Recovering Sullinger's goal now is to get better

Recovering Sullinger's goal now is to get better
July 18, 2013, 12:00 am
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WALTHAM, Mass. — As Jared Sullinger grew in size, stature and dominance, it was evident to most that a future in the NBA was on the horizon even as his stock slid on draft night in 2012.

But a back injury that has since been surgically repaired, ended what had been a promising rookie season for the  Celtics.

Months later, Sullinger is gradually regaining the strength that made him one of the few bright spots for the Celtics last season.

Under the watchful eyes of Boston's strength and conditioning coaches, Sullinger is on track to return in time for training camp, which will go far in him achieving his primary goal - to be better than he was as a rookie.

"I knew from the get-go that this [surgery] was going to happen," Sullinger told Comcast SportsNet in the middle of a workout this summer at the Celtics' practice facility. "I was hurt, and I knew I was going to have surgery. If it wasn't this following year it would be next following year. So I kind of expected it, I wasn't disappointed. I knew it was coming around the corner."

While the injury certainly sapped a lot of his strength, it had no effect on his fundamentally sound game, which in some respects is akin to San Antonio Spurs great Tim Duncan - minus the ridiculously efficient back shot of course.

"Watching him [Sullinger] play, there wasn't any question that he would pick up on the nuances of the NBA game pretty quickly wherever he went in the draft," said an Eastern Conference scout who said he had seen Sullinger play "at least a dozens times" in AAU games and later at Ohio State.  "Really smart kid with a high basketball I.Q. There was only one real knock against him, and it cost him on draft night."

That would be the lower back issue  that NBA doctors red-flagged shortly before the 2012 NBA draft. It led to this shoo-in lottery pick (top 14) dropping all the way to the Celtics at No. 21.

Sullinger had back surgery on Feb. 1 that he hopes will prevent any back-related issues in the future.

Now comes the really tough part: getting himself back to form.

After weeks of not being allowed to do much of anything following surgery, Sullinger's workouts increased in their frequency and intensity in May and June with all signs pointing towards him being healthy and ready to go once training camp starts.

"I'm running a little bit, shooting a little bit, so I'm slowly getting back my form," Sullinger said.

That form saw him go from being a regular rotation player, into a starter prior to his season-ending surgery, which came about after he experienced some back spasms against Sacramento on Jan. 30.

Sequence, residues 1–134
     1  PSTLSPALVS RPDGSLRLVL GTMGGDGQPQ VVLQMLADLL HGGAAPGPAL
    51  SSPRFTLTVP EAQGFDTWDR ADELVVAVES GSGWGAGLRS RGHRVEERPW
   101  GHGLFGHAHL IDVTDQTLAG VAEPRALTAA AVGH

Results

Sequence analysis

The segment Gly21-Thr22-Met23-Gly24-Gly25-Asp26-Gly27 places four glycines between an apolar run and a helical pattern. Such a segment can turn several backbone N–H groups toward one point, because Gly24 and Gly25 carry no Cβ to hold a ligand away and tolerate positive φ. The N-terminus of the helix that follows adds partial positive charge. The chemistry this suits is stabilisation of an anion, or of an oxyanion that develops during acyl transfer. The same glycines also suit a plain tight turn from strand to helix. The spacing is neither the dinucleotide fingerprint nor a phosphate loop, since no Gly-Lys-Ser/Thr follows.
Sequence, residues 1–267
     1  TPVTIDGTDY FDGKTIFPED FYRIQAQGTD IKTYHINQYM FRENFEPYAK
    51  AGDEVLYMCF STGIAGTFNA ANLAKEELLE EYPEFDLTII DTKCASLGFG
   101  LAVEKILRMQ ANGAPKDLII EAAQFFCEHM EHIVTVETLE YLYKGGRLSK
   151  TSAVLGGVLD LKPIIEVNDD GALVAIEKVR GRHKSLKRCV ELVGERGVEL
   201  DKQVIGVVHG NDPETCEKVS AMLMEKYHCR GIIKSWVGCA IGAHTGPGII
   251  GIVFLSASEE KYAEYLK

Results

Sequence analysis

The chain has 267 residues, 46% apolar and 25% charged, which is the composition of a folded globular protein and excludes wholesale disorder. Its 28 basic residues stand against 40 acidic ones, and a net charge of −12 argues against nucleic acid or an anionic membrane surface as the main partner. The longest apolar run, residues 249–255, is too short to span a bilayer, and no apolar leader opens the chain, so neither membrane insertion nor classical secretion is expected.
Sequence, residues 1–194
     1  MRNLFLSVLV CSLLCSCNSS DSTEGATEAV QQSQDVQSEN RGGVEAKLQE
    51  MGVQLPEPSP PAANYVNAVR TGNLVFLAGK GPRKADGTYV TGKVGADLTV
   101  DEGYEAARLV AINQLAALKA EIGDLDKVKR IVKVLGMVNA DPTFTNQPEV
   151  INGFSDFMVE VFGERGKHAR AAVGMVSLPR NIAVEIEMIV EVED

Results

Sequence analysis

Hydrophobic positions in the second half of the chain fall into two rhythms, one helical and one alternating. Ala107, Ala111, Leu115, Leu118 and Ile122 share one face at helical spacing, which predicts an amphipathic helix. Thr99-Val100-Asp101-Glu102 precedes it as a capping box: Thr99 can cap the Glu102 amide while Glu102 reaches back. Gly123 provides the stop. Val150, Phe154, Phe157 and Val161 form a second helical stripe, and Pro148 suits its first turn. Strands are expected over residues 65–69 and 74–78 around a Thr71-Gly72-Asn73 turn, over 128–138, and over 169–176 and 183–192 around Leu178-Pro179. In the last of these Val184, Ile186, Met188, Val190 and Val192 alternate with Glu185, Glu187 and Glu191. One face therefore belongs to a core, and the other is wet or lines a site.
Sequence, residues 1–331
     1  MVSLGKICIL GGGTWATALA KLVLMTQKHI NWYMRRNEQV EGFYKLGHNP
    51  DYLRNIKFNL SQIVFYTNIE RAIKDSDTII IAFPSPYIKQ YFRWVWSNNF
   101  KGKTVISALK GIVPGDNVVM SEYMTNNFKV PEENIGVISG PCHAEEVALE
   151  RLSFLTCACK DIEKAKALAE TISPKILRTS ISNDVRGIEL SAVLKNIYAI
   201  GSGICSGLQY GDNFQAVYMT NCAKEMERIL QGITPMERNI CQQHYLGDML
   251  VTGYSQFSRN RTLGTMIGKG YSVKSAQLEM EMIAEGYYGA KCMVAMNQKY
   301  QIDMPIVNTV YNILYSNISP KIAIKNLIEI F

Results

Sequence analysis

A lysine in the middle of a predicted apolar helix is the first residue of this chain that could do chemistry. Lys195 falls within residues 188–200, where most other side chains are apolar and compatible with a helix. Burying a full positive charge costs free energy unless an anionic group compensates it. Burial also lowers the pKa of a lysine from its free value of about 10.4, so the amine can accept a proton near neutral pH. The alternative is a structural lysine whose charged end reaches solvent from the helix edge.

In 45 games (five starts), Sullinger averaged six points and 5.9 rebounds while playing 19.8 minutes a game.

But more than that, Sullinger gained the trust of former Celtics coach Doc Rivers, which is a rarity for the rookies he coaches.

Still, for Sullinger's rookie season to be limited because of back surgery  gave some teams that passed on him a sense of vindication for their decision.

 "Our doctors told us at some point he was going to need surgery," Rivers said prior to leaving to become the Los Angeles Clippers coach and vice president of basketball operations. "But it's not a career-ending surgery or anything like that. It's just surgery. We were hoping it would happen in the summer time, to be quite honest, that he could get through the year. But he just didn't. He'll be fine next year.''

And that more than anything else is why the Celtics were happy to have a shot at drafting him at No. 21, and are perfectly comfortable with his progress during workouts.

"We've had a few guys up here in the gym already," Danny Ainge, Celtics president of basketball operations, told as he watched a recent workout by Sullinger. "But Jared has been in here a lot, working hard. It's great to see. We're looking forward to him getting back out there, healthy, helping us win."

Said Sullinger: "That's the most amazing part about all of this, having this surgery early in my rookie year and being able to have a long career after that. The doctor did what he was supposed to do, and he took care of me."

And now it's on Sullinger to do his part, which involves regaining the strength he had prior to surgery.

He has been doing this under the scrutiny of Celtics assistant coaches Jay Larranaga and Jamie Young, as well as strength and conditioning coaches Bryan Doo and Armand Lavallee.

Aside from hanging with the C's summer league team in Orlando and a couple trips back to Ohio to see family and friends, Sullinger said he plans to be in Boston all summer.

 "This is where I need to be, getting my body right, getting stronger everyday," Sullinger said. "I'm not just coming back to be the player I was; I'm coming back to be better."